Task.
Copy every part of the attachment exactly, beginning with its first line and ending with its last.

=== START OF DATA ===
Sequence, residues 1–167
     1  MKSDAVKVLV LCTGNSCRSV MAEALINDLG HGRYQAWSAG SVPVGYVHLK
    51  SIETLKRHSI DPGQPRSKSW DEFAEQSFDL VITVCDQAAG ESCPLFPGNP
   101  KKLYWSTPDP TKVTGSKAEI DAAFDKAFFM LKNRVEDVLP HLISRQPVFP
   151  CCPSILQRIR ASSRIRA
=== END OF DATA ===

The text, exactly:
Sequence, residues 1–167
     1  MKSDAVKVLV LCTGNSCRSV MAEALINDLG HGRYQAWSAG SVPVGYVHLK
    51  SIETLKRHSI DPGQPRSKSW DEFAEQSFDL VITVCDQAAG ESCPLFPGNP
   101  KKLYWSTPDP TKVTGSKAEI DAAFDKAFFM LKNRVEDVLP HLISRQPVFP
   151  CCPSILQRIR ASSRIRA